2. Description of Related Art

Copper, due to its high conductivity and low resistance, is used in manufacturing conductive wire in semiconductor industry. Since electronic devices are always being made tinier and more complex, more and more problems are arising due to increasing wiring density and shortened distance between contacts. Therefore, the use of multi-layer circuit boards has become more common recently, which has caused metallization processes using electroplating to become significantly more complex.

Copper electroplating is more effective in manufacturing the metal wires and filling the microvias of a circuit board. Copper electroplating also has many advantages such as low required temperature, low cost, high deposition rate and easy processing. During the copper electroplating process, several additives must be added to the copper plating solution to produce fine filling performance. However, over a long period, the concentration and nature of the additives in the plating solution change substantially and may cause the plating solution to lose its filling ability. To improve electroplating quality, methods of analyzing the additive concentrations in the copper plating solution are therefore becoming crucial topics in this skill.

Generally, methods of determining accelerator concentration in the copper plating solution are based on selective adsorption of thiol molecules on metallic substrates such as Cu, Ag, and Au to form self-assembly monolayers (SAMs). For example, sulfur-containing accelerators form a sulfur-gold bonding to perform the selective adsorption, and the adsorbed sulfur-containing accelerators are stripped off from the gold electrode in an alkaline electrolyte by accepting electrons. Then, a stripping peak of reductive electrodesorption is produced and one can integrate the area of the stripping peak to obtain an amount of coulombic charge. The amount of charge is used to determine the content of sulfur-containing accelerators and analyze the concentration of accelerator in a plating bath. The foregoing method produces a weak electrochemical signal because only a monolayer of sulfur-containing molecule is adsorbed on the gold electrode surface. The electrochemical signal measured of the conventional method is in the μA/cm2 range, imparting frequent errors. In addition, other additives in the plating solution affect the electrochemical activity of the accelerator, so the conventional method also cannot offer precise analysis of the accelerator content in a plating solution.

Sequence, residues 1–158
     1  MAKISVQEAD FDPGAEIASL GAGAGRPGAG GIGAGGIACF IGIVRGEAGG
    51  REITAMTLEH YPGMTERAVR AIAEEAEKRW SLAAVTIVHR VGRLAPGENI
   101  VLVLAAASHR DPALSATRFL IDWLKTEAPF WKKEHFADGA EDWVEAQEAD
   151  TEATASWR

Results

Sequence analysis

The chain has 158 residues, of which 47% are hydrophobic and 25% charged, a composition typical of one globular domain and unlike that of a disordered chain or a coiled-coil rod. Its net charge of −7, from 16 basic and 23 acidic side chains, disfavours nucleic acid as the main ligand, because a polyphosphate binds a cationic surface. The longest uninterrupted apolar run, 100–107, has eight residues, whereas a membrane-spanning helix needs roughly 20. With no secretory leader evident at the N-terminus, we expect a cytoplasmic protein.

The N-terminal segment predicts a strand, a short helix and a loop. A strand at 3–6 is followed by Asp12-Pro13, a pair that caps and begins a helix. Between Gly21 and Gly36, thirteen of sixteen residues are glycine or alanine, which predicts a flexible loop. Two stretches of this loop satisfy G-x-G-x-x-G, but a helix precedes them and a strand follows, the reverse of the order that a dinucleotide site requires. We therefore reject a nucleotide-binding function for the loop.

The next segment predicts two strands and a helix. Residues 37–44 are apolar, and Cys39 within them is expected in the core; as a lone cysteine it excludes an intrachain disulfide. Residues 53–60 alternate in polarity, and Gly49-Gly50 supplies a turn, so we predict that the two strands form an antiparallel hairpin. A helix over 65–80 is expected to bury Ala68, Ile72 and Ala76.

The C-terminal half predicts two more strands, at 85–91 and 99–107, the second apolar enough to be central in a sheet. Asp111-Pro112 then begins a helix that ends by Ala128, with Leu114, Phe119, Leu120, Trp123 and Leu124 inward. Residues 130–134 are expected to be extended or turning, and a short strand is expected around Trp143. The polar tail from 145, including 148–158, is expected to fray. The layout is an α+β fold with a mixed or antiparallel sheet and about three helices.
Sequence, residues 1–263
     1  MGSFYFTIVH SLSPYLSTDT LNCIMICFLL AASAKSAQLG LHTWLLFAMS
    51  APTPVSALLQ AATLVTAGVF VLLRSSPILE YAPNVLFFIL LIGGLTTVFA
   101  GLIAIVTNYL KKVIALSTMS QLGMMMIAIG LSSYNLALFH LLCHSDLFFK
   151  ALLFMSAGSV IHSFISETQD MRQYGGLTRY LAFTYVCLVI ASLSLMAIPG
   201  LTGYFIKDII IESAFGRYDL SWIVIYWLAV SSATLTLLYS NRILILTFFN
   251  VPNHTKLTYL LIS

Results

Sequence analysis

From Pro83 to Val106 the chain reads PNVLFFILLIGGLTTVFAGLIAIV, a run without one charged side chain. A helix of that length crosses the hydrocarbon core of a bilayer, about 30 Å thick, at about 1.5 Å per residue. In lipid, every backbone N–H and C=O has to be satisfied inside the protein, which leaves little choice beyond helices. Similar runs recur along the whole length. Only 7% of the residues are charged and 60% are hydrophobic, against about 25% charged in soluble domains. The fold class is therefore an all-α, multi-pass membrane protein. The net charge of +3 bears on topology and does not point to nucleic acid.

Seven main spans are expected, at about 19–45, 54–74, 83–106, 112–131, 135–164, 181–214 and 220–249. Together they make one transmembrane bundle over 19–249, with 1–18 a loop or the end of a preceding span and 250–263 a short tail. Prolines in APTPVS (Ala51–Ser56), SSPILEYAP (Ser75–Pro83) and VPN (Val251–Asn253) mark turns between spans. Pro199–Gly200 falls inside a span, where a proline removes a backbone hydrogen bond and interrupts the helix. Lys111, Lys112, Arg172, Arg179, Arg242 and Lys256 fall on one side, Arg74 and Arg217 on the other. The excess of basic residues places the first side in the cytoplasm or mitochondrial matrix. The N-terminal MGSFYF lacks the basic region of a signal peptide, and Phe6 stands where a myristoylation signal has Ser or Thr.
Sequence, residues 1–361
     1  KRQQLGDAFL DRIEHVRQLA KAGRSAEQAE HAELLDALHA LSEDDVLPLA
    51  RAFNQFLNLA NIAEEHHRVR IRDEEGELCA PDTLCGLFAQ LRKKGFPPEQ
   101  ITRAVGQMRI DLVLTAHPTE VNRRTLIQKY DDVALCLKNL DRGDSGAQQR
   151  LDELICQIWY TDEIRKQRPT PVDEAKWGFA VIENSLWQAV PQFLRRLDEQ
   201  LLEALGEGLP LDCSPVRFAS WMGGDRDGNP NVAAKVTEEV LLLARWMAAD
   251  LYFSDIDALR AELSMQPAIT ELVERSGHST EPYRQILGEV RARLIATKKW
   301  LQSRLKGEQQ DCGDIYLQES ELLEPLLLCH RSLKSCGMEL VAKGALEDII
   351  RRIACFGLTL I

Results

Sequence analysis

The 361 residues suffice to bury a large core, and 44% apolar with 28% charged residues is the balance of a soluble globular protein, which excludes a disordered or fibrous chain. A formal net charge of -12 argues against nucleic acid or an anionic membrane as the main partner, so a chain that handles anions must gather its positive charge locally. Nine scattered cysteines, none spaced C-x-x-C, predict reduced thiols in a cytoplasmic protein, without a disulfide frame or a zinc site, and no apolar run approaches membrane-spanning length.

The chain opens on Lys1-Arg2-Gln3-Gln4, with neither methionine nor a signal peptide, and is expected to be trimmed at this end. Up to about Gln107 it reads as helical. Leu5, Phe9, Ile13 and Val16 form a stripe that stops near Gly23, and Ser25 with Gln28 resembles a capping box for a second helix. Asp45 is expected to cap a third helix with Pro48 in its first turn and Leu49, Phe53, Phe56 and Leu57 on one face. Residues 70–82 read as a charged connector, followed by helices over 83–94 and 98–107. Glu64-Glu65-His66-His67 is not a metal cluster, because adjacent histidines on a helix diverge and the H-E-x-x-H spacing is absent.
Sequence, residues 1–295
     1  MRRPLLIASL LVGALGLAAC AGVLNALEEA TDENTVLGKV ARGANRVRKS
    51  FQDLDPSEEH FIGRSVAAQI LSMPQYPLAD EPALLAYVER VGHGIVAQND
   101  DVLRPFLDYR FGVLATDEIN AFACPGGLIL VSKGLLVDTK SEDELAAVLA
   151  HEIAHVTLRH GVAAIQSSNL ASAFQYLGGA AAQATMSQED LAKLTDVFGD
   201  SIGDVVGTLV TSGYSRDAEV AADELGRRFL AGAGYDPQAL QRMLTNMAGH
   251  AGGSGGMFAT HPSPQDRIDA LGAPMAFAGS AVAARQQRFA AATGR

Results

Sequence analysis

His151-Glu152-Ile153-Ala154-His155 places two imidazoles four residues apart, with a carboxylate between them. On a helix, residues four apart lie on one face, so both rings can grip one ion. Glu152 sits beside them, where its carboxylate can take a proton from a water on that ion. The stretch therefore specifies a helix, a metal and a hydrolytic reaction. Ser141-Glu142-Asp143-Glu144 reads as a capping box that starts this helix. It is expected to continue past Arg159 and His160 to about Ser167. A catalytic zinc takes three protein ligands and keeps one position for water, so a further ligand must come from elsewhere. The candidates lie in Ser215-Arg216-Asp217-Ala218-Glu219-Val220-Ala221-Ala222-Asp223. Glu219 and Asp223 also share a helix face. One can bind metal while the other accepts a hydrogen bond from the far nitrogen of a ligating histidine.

To reach the objective of monitoring the accelerator content of a plating solution, there is a need for an analytical method having high sensitivity and convenience for accelerator content determination of a plating solution.

SUMMARY

The present invention is directed to a method of analyzing accelerator in copper electroplating that satisfies the need for precisely determining the accelerator content in a plating solution. The method is based on selective adsorption of thiol molecules on metallic substrates and electrochemical deposition of metallic copper particles in a deposition electrolyte. Using the method of the present invention the measured electrochemical signal can be amplified so as to substantially reduce the errors occurring in the conventional method.

It is therefore an objective of the present invention to provide a deposition electrolyte for depositing metallic copper particles on a gold electrode to amplify the measured electrochemical signal and solve the problem of the conventional method of low sensitivity.

In accordance with the foregoing and other objectives, a method of analyzing accelerator of copper electroplating is provided. The present invention is carried out by a selective adsorption step, and a cathodic cyclic voltammetry (CCV) for copper deposition. In addition, a deposition electrolyte for depositing metallic copper particles is provided.

First, a gold electrode is placed into a plating solution, which contains certain organic additives. The plating solution comprises a copper ion, an acid, a leveler, a polyethylene compound, a halogen, and an accelerator. The temperature of the plating solution is kept at 20˜30° C. during the analysis. The rotation speed of the gold electrode is adjusted to 3000 rpm (revolutions per minute) to remove the bubbles that attach to the gold electrode and then the rotation speed is zeroed. Next, the gold electrode is dipped into the plating solution for 15 to 45 minutes to pre-adsorb the sulfur-containing accelerators in the plating solution.

After the sulfur-containing accelerators are adsorbed on the gold electrode, the gold electrode is then rinsed with Milli-Q ultra pure water. Then, the gold electrode is put into a deposition electrolyte for copper electrodeposition by means of the cathodic cyclic voltammetry. A current peak in the cathodic cyclic voltammetry is obtained due to the copper deposition onto the gold surface, and the signal intensity of current density reaches the mA/cm2 scale. Finally, the current peaks are integrated to obtain an amount of coulombic charge and plot a calibration curve. The calibration curve is used to determine the concentration of the accelerator in the plating bath.